PWE-079 Drinking behaviour and rs738409: g in pnpla3 are associated with slower recovery of liver function following severe alcoholic hepatitis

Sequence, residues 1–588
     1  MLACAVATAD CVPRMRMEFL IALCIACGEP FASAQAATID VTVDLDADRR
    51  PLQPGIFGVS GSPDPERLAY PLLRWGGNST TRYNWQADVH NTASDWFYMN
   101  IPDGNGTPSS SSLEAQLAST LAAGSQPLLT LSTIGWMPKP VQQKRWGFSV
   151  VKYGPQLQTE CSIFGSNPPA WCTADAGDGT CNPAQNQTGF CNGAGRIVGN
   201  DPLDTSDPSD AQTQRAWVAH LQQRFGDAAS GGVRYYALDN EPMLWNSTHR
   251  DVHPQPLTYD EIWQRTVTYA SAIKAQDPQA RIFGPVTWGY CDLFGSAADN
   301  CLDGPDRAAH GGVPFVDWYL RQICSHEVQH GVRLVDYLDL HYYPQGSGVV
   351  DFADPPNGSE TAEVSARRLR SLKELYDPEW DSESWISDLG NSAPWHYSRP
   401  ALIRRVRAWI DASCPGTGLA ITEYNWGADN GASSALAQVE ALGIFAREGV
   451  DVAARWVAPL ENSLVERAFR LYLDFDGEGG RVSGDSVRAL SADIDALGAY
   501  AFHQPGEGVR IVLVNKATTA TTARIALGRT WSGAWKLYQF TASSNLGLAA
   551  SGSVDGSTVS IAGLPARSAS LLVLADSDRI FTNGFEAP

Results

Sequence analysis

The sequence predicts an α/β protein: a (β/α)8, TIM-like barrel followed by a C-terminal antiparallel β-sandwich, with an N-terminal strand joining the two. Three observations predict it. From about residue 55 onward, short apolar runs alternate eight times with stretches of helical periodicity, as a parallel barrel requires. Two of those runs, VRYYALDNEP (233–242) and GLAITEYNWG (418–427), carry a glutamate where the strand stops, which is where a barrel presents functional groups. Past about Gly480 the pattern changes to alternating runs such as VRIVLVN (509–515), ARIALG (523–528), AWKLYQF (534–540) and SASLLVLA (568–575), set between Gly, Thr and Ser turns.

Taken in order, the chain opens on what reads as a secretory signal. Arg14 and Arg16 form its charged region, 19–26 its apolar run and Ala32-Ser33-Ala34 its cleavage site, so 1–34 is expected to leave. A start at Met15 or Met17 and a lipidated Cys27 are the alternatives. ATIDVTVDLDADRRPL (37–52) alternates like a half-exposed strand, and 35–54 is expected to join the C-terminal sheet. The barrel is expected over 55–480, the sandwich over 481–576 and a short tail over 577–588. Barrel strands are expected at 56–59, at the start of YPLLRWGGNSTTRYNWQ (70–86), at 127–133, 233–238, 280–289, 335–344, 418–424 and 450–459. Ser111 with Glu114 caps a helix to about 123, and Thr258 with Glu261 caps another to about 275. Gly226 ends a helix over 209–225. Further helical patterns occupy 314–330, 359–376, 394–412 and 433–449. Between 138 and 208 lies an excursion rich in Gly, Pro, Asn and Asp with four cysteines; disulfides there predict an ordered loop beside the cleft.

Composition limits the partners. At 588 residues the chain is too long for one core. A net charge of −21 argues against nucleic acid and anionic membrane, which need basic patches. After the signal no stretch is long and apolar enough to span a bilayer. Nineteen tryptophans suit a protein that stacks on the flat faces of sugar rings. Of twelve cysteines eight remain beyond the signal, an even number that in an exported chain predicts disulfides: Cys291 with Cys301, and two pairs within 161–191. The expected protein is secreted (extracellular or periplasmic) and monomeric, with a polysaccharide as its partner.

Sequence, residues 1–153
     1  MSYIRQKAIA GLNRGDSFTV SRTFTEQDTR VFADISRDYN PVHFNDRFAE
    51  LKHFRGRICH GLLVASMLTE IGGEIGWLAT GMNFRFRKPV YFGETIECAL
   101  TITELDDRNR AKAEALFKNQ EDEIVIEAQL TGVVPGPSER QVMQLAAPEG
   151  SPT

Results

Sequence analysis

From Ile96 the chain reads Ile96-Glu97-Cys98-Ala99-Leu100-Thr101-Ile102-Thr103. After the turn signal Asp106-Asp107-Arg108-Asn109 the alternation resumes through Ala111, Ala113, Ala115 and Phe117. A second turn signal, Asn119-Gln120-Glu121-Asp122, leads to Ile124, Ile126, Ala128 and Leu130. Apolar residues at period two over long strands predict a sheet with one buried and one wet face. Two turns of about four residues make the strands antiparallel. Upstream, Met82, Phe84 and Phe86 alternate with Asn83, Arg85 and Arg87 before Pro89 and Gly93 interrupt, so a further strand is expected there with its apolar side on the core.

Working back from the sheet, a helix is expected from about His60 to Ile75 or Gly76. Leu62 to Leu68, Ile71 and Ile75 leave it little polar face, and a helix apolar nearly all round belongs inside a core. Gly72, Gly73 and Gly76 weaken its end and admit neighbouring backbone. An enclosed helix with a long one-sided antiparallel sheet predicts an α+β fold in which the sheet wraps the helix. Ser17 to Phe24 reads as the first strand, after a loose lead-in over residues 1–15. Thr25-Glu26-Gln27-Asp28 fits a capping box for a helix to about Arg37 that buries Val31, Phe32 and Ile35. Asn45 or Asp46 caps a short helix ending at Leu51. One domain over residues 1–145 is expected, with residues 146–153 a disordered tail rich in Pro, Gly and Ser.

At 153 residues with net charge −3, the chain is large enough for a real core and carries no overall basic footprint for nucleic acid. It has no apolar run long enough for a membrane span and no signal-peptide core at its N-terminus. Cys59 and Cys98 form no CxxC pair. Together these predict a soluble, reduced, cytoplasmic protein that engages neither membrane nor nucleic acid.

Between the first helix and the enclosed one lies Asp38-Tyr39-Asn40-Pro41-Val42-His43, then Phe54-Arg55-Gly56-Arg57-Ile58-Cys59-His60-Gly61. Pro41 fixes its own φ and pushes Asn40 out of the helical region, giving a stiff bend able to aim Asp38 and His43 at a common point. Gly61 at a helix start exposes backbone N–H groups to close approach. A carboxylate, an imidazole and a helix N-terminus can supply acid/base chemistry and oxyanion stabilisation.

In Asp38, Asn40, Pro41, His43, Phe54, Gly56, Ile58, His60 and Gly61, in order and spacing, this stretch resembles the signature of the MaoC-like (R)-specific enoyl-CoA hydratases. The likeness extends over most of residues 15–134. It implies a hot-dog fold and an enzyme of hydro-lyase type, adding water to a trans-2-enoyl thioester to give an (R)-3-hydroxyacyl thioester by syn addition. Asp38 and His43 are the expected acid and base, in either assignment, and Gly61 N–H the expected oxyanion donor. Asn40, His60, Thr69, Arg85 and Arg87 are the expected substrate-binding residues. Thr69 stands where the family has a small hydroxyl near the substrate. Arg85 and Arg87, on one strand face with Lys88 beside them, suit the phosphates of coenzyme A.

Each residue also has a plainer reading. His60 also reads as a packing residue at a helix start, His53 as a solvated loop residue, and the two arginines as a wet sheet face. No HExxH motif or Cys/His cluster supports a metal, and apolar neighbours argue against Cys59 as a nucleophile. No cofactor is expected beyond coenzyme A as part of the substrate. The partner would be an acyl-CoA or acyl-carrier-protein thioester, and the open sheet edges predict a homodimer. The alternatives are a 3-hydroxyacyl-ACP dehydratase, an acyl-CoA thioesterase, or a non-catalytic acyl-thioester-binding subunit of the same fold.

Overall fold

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IntroductionThe variant rs738409 in PNPLA3 is associated with an increased risk of developing both significant alcohol-related liver disease and, in this context, adverse clinical outcomes. The aim of this study was to determine whether, in severe alcoholic hepatitis, carriage of rs738409:G is associated with impaired recovery of liver function.MethodCases with severe alcoholic hepatitis were recruited prospectively through the Steroids or Pentoxifylline for Alcoholic Hepatitis (STOPAH) trial. Biochemical and haematological data were collected at baseline and the day 90 visit. Self-reported alcohol consumption was recorded at day 90 and categorised as abstinent or drinking. The rates of change in serum bilirubin and albumin concentrations and the international normalised ratio (INR) were examined in relation to rs738490 genotype and drinking behaviour.ResultsPaired information on rs738409 genotype and laboratory variables was available in 377 cases; information on drinking behaviour was available in 365 (97%). Carriage of rs738409:G was associated with a slower decline in median serum bilirubin concentration (CC: 0.0084 µmol/l/day [IQR 0.0066–0.010]; CG: 0.0080 [0.0053–0.0098]; GG 0.0072 [0.0045–0.0092], p<0.001) and a slower recovery in serum albumin concentration (CC: 0.0027 g/l/day [0.0009–0.006]; CG: 0.0025 [0.0005–0.0032]; GG 0.0017 [0.0004–0.0035], p=0.04), but did not appear to influence recovery of the INR (p=0.90 (Figure 1). Resumption of drinking by day 90 significantly influenced the recovery rates of all three laboratory variables viz. serum bilirubin: (abstinent 0.0088 [0.0069–0.01] vs drinking 0.0067 [0.0026–0.009], p<0.001); serum albumin (0.0027 [0.0057–0.001] vs 0.0018 [0.0042–0.0003], p=0.007); and INR (0.0022 [0.0012–0.0034] vs 0.0013 [−0.0005–0.0027], p<0.001). The observed effect of rs738409 genotype on the rates of recovery of laboratory variables differed in groups defined by drinking behaviour; recovery rates were slower in abstinent individuals who carried rs738409:G but rates were not further influenced by genotype in those who continued to drink.ConclusionIn people who survive an acute episode of severe alcoholic hepatitis carriage of rs738409:G is associated with slower rates of recovery in serum bilirubin and albumin. Early resumption of drinking also significantly slows recovery of these and laboratory variables. The greatest influence of rs738409:G was in relation to recovery rates in abstinent people.Disclosure of InterestNone Declared

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